Progress Report: Mark Lanegan

Name: Mark Lanegan
Progress Report: The songwriter talks about Blues Funeral, his first solo album in nearly 8 years.

It should come as no surprise to anyone familiar with his music that Mark Lanegan is a man of relatively few words. Whether it be with his work as the frontman of Screaming Trees, his work with the Twilight Singers and Queens of the Stone Age, his duet albums with Isobel Campbell, or his arresting solo work, Lanegan brings a certain intensity and creative gravitas to anything he happens to be involved with. This month he will release Blues Funeral, his first solo outing since 2004’s Bubblegum. Not surprisingly, the record is perfectly produced and an expectedly heavy listening experience (his growly voice has never sounded better). Perhaps more surprisingly, speaking to Mark Lanegan is a refreshingly un-heavy experience.

STEREOGUM Hi, how are ya?

LANEGAN: I’m good man how are you?

STEREOGUM I’m pretty good. Where in the world are you now?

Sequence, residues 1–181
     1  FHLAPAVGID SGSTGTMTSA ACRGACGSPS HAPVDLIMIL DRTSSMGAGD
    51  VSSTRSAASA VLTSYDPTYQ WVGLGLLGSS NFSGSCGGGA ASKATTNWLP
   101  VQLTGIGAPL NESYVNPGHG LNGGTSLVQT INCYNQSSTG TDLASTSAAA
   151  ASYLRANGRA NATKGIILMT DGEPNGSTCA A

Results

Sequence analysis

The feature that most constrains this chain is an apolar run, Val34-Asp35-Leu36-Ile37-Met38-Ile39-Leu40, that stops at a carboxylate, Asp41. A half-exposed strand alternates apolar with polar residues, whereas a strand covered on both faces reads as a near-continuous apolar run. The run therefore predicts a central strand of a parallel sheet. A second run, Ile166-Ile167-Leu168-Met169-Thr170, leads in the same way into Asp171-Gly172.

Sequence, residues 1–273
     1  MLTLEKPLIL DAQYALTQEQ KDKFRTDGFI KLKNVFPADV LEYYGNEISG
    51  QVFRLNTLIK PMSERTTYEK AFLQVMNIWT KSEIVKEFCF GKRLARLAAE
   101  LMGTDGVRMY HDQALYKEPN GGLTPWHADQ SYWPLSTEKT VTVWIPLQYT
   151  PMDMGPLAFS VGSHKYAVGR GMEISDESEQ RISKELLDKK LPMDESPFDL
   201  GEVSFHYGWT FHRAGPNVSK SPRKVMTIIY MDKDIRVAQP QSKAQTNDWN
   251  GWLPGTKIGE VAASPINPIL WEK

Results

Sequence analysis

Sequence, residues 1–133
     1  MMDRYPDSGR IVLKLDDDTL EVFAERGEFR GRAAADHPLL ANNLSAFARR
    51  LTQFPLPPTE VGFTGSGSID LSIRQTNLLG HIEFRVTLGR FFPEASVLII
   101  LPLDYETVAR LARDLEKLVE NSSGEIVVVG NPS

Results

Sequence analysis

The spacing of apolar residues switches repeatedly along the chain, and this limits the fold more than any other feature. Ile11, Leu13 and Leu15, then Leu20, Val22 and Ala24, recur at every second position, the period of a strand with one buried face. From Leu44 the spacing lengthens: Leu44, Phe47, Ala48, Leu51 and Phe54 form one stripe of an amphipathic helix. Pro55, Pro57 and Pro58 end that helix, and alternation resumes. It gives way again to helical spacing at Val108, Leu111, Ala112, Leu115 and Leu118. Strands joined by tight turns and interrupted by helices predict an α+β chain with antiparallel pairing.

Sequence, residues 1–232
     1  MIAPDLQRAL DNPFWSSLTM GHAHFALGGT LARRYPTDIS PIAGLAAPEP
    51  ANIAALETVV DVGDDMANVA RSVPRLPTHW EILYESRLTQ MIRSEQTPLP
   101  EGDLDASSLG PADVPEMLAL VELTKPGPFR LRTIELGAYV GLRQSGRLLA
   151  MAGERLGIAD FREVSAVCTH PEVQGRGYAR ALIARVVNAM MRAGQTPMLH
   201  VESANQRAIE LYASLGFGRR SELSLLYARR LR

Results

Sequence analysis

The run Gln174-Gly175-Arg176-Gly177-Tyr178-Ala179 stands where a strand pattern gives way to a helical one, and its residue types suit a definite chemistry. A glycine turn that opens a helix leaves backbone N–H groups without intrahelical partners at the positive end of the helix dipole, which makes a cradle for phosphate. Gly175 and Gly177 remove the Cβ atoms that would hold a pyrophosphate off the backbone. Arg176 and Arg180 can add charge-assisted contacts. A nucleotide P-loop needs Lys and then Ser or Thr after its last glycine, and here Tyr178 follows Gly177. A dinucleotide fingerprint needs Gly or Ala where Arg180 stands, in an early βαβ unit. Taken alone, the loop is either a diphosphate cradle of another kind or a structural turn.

LANEGAN: I’m in Antwerp, Belgium.

STEREOGUM I know you’re in the middle of a pretty long string of tour dates in Europe, right?

LANEGAN: Doesn’t really start until February.

STEREOGUM I was just listening to Bubblegum the other day and thinking about doing this interview. It’s hard to believe that record came out in 2004. Why do you think it took so long for you to make another solo record?

LANEGAN: I never intended for it to take so many years. I just got busy doing other things and enjoyed them and just got tied up in these other projects and before I knew it, a lot of time had gone by.

STEREOGUM What was the impetus? Was there a conscious decision of “Alright, I’m gonna start working on this record of my own” or did you sort of realize, “Oh I have these songs, maybe this should be a new album”?

LANEGAN: Well I didn’t have anything else going on for this year. I had a couple of tours but I didn’t have any records coming out for anybody and I just knew it was past due.

STEREOGUM The record was made in L.A. right?

LANEGAN: Yeah.

STEREOGUM How did the record come together and who did you work with?

LANEGAN: I worked with Alain Johannes, a guy who did about half of Bubblegum with me, was in the Queens with me, working at his place in Hollywood. He played most everything and recorded it, produced it, mixed it. Did you ask who I was playing with?

STEREOGUM: Yeah.

LANEGAN: Jack Irons played most of the drums and I had a lot of people come in and play on one, two, three songs. Greg Dulli, Josh Homme.

STEREOGUM How long did it take to record?